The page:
The Bonus Question
04 December 2009
Bonus schemes come in all shapes and sizes and the nature of a bonus scheme will fundamentally affect the freedom an employer has to reduce, defer or withhold a bonus. The scheme may reserve full discretion to the employer, so the employer retains complete freedom as to when and how much to pay, or whether to pay at all.
Alternatively, the scheme may be fully contractual, so that an employee has a contractual entitlement to a bonus if he or she hits applicable targets.
More commonly, the scheme will be a mix of the two, with a discretionary element built into a contractual right to participate in a bonus scheme. It is worth employers spending time getting the bonus documentation right paying particular attention as to which elements of the scheme should be contractual and which should be subject to the employer's discretion.
For example, a scheme may include a contractual entitlement for the employee to have his performance appraised but any consequent decision to pay the bonus and how to calculate any bonus might be discretionary. Careful drafting can also reap dividends on the termination of the employee's employment when battle lines on this issue are most commonly drawn.
Reducing, deferring and withholding bonuses
Where an employee has a contractual right to a bonus, then seeking to withdraw or defer that bonus would, in most circumstances, require the employee's consent to vary that element of his contract. The contract itself may reserve a right to the employer to make amendments to the scheme, but that will generally only permit the employer a degree of wriggle room rather than the ability to make wholesale changes.
Where the scheme has a discretionary element, the employer should be able to rely on the exercise of that discretion to limit payments under the scheme, or in some circumstances, to defer or even withdraw them altogether. This does not mean, however, that an employer has a completely free hand.
Capricious, perverse and irrational…
Not a premiership manager holding forth on the standard of officiating in the Premier League, but the court setting out how an employer must not behave when exercising its discretion. The court does not go so far as to say that an employer has to act reasonably, simply that it must not act in a way that no reasonable employer would have done.
So, an employee who has achieved maximum bonuses in the past and has hit his targets will have good grounds to argue he should receive a bonus. Equally, where the employee can show that his performance matches or exceeds that of comparable colleagues who have been paid, the employee may well be similarly entitled.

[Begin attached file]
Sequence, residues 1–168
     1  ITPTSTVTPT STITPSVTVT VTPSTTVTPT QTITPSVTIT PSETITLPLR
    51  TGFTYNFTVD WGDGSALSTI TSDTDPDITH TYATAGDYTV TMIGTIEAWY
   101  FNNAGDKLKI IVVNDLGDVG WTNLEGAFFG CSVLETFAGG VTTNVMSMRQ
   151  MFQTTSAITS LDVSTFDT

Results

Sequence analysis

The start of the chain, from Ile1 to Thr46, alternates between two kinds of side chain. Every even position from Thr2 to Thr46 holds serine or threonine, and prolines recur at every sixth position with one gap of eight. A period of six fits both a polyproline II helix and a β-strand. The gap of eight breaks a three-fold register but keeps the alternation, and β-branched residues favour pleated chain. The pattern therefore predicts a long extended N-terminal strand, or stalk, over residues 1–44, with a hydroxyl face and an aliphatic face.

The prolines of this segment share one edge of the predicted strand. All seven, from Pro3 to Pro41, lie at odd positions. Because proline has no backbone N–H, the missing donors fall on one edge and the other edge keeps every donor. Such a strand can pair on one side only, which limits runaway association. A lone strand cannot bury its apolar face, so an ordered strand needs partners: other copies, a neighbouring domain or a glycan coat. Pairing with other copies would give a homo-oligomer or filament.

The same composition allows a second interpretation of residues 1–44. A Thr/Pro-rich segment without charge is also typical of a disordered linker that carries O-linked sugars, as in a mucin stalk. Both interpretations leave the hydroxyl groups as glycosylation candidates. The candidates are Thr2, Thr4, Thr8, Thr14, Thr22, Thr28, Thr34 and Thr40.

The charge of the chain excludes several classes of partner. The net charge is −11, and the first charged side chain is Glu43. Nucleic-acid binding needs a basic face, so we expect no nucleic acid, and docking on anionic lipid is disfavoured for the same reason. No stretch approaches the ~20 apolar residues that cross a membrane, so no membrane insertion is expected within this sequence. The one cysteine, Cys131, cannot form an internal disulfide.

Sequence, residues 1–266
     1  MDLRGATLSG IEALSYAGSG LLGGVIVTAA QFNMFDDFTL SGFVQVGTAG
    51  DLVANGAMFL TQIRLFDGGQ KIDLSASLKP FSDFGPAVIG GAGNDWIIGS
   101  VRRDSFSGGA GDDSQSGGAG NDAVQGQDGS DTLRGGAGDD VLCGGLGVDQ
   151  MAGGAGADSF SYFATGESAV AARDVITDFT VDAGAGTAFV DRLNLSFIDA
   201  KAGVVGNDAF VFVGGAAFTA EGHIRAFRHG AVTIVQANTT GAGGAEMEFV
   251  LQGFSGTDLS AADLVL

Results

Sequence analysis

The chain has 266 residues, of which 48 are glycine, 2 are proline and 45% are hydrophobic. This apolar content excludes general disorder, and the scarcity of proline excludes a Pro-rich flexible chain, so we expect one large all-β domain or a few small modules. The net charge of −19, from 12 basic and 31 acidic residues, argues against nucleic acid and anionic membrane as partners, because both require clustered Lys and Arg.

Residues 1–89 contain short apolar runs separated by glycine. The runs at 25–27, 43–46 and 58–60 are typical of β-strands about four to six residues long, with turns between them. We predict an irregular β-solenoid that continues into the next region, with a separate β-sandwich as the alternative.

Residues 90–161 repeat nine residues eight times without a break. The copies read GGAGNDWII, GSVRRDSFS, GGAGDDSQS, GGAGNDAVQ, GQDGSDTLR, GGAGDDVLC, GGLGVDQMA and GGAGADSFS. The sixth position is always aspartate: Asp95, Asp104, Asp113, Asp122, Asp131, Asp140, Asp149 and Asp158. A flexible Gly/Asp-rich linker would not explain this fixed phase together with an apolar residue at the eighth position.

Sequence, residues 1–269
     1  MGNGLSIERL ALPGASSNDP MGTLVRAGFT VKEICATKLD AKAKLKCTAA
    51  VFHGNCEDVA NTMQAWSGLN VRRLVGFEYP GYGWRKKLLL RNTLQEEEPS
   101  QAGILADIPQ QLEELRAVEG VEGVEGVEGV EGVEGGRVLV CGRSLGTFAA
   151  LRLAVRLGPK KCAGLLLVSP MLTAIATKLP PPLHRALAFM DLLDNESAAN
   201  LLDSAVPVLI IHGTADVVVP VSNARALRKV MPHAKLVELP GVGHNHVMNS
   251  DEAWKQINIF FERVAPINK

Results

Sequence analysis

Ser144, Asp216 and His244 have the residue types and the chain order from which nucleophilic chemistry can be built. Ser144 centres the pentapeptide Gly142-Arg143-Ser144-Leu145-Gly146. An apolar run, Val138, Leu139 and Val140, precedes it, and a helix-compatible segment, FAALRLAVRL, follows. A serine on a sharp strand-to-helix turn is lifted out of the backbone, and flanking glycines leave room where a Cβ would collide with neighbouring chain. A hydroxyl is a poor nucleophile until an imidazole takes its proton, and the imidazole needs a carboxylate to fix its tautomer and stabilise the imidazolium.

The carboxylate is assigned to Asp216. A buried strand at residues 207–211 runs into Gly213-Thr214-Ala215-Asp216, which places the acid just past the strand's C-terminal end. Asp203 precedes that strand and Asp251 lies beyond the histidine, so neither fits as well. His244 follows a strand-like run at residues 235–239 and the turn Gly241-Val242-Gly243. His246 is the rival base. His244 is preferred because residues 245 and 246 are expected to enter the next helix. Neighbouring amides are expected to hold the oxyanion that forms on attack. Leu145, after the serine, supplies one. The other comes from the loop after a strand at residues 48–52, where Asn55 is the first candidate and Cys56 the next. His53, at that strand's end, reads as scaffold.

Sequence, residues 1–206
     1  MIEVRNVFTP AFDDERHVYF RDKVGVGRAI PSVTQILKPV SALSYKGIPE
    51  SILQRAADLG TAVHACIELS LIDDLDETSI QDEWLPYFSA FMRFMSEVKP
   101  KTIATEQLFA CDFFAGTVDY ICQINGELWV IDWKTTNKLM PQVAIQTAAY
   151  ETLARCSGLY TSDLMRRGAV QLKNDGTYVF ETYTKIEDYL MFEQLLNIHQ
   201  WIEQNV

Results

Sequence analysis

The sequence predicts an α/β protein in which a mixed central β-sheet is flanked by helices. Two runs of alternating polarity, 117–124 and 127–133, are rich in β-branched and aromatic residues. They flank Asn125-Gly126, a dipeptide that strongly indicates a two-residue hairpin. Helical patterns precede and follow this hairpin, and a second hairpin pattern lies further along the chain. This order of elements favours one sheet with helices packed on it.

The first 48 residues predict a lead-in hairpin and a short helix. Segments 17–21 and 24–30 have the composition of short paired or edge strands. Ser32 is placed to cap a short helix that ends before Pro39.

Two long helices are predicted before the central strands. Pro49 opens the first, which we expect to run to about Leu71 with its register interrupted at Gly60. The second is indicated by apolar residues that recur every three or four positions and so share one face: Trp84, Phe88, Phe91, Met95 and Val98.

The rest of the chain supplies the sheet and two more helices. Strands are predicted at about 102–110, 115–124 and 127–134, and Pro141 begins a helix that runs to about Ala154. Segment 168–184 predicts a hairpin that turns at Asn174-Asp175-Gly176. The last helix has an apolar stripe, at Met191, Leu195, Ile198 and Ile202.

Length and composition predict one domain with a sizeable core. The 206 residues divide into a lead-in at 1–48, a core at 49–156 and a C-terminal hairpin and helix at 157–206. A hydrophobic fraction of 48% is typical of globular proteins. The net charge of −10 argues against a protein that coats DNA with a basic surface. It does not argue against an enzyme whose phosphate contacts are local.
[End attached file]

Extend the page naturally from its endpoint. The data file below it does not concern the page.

A similar restriction on an employer's free hand is found in the implied duties of mutual trust and confidence and good faith, which are characteristics of all employment relationships. These are sometimes described as obligations of fair dealing on the part of the employer, and would prevent the employer from behaving in such a way as to destroy mutual trust. This might arise, for example, where an employer terminates an employee's employment immediately before he becomes entitled to a substantial bonus.
Even where the scheme itself looks non-contractual, in some circumstances, a contractual entitlement to a bonus may have become implied through custom and practice. This is a particular problem where, having regularly paid bonuses year-on-year, an employer then seeks to withdraw a bonus altogether and to pay nothing. It is usually easier in those circumstances to pay a reduced rather than a nil bonus.
If, rather than reducing bonuses across the board, an employer seeks to pick and choose, the risk of challenges in the field of discrimination looms.
If the decision to award a bonus is in part linked to, for example, length of service or a requirement for full-time working, then there may be grounds for complaint based on indirect sex discrimination - it is generally accepted by employment tribunals that women with child care responsibilities are more likely to work part-time and have shorter periods of continuous employment with one employer.
Awards based on length of service can also bring age discrimination issues into play whilst schemes that use attendance levels as a criterion may need to be adjusted for particular employees to prevent disability discrimination.
What are the risks of seeking to reduce, defer or withhold?
Where an employer denies an employee a bonus to which he or she is contractually entitled, the employee may be able to bring a claim for breach of contract.
If still in employment, this would have to be brought in the County Court or High Court, usually an unattractive venue for most employees because of the expense and risk of an award of costs against the losing party (although unsurprisingly the High Court has seen a number of high value banker bonus cases in recent years).
The employee may also have a claim for unlawful deduction from wages, which can be brought in the employment tribunal, a costs-free jurisdiction (more or less). However, this claim may only be brought where the employee can identify the precise sum that the employer has failed to pay and cannot, therefore, be used to challenge the employer's exercise of discretion.
Where an employer has behaved particularly poorly, an employee may seek to resign and claim constructive unfair dismissal.
The key to successfully implementing changes to a bonus scheme is to understand precisely the nature of the scheme that you are operating.
In the current climate, however, if bad news on the bonus front is looming, good communication and engagement with the affected employees should help people to appreciate that sacrifices have to be made into order to maintain the goodwill of shareholders and customers.